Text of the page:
I am likely to be wrong, but can anyone enlighten me?

    Wai Wong
     
  8. Nov 1, 2006 #7
    By Einstein's equivalence principle a free falling point mass never feels the influence of gravity.
    However since the gravitational field of a black hole is not uniform there are tidal effects, so if the object is of any significant size it would deform.
     
  9. Nov 2, 2006 #8
    I agree that the object will experience tidal effects, but the gravity it experiences does not come from the black hole, it was released from the raw materials that formed the black hole *before* they cross the event horizon.

    As a thought experiment, suppose a black hole was formed 10 billion years ago and a clock set at 0:00 was dropped 1m above the event horizon into the black hole. When we observe the clock now, we can still see a very thin clock at time 0.0...01s about to cross the event horizon. It is time dilation that turn this 0.0...01s into our time of 10 billion years. 20 billion years from now, our descendants can still see the clock, just a tiny bit closer to the event horizon. In other words, it takes 20 billion years for light to travel that tiny distance. Since gravity has the same speed as light, it takes gravity the same 20 billion years to travel that tiny distance. As the black hole is only 10 billion years old, its gravity has not traversed even that tiny distance! The gravity that reaches us come from objects that were outside the event horizon like the clock.

    Again, my assertion is that we can never feel the effect of black holes.

    Wai Wong
     
  10. Nov 2, 2006 #9
    Actually you are mistaken.
    You thought experiment assumes that the mass making up the black hole was created instantly. Instead it was simply caused by the accumulation of enough mass and an insufficient resistance from EM and other forces to counter the gravitational collapse. Each time an additional mass object joined the sphere it adjusted the spacetime curvature was adjusted.

    Think of the whole spacetime manifold of the universe, every particle's shape of the worldline is subject to the local curvature of spacetime. But at the same time each particle with mass or anything with energy will change the curvature of spacetime.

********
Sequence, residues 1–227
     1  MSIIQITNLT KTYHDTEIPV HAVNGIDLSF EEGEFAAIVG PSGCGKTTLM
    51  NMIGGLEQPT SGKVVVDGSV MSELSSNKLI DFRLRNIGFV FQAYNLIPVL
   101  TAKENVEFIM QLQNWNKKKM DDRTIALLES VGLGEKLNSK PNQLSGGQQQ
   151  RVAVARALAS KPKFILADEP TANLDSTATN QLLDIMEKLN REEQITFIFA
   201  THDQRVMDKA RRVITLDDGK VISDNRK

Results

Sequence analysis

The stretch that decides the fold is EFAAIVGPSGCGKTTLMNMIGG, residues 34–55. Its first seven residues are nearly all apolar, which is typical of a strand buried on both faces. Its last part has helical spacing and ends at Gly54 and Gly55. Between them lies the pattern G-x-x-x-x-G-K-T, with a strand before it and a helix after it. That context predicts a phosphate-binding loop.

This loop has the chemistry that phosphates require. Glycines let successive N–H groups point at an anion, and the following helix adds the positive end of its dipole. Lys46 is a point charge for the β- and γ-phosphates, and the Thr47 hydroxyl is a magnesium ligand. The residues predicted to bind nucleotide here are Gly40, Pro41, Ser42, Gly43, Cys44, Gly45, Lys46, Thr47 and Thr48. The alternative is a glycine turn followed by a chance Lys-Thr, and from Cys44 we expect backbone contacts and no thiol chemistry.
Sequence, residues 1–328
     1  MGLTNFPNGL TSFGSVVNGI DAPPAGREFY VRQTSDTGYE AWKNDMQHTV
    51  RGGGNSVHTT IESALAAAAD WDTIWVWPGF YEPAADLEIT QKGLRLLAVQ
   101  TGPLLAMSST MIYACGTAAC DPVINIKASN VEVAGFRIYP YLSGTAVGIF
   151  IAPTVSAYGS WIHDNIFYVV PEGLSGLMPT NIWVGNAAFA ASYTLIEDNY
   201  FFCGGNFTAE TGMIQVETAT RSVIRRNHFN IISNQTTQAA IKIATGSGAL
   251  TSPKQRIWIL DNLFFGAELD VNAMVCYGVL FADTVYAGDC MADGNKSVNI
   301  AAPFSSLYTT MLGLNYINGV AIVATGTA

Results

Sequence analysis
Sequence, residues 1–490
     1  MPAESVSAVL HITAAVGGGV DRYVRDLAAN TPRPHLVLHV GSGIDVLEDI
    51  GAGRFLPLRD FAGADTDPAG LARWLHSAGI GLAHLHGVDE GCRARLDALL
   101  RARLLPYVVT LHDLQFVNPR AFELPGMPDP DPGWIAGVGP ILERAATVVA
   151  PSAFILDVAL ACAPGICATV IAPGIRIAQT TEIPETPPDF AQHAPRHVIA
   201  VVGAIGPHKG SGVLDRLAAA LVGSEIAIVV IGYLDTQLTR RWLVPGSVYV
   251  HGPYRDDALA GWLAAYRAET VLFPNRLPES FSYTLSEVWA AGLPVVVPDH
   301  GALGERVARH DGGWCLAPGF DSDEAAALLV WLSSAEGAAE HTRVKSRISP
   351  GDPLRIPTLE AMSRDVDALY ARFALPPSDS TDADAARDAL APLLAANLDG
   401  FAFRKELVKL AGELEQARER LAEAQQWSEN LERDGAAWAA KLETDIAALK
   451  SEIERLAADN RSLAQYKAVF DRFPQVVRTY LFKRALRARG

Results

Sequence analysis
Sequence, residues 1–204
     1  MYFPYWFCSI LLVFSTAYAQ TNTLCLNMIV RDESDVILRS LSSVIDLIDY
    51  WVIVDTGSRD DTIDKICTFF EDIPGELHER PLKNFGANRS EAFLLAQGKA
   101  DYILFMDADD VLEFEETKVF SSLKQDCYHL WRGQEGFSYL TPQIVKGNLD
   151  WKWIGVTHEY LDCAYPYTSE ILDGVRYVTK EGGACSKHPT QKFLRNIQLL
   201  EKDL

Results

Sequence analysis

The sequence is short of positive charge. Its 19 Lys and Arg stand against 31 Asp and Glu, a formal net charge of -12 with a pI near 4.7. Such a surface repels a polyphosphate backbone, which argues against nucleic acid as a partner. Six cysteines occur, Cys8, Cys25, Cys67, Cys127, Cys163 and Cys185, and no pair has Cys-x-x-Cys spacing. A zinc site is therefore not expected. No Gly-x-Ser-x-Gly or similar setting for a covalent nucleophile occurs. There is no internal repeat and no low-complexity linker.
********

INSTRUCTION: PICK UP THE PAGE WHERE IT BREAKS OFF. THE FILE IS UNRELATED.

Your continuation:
Now in GR there is no action at a distance. An object removed far away from a black hole starts to move in the direction of the black hole because the local curvature guides it not because there is some information on the distant mass density.
     
  11. Nov 2, 2006 #10
    That comes from a bad choice of coordinates. The object goes through the horizon in finite proper time. If you want to describe the event using Schw. coordinate time, you'll find that the object goes through infinite coordinate time in order to reach the event horizon, and then goes back through (coordinate) time until reaching the interior in a net coordinate time that is not too different from the proper time.
    Sure.
    Mass doesn't increase, really. We've tried to get that interpretation out of relativity for some time now.
     
    Last edited: Nov 2, 2006
  12. Nov 2, 2006 #11

    pervect

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    See for instance
    http://casa.colorado.edu/~ajsh/collapse.html#collapse

    http://math.ucr.edu/home/baez/physics/Relativity/BlackHoles/fall_in.html
    I believe this question is also addressed in Kip Thorne's book (Black Holes: Einstein's outgrageous legacy) but my copy has wandered off again.

    Note that the question of how the gravity gets out of the black hole has also been addressed in the above two web pages, though there is perhaps slightly less agreement about how to explain the answer. But the answer is very clear - gravity does get out of a black hole, and so does the columb force due to the black hole's charge.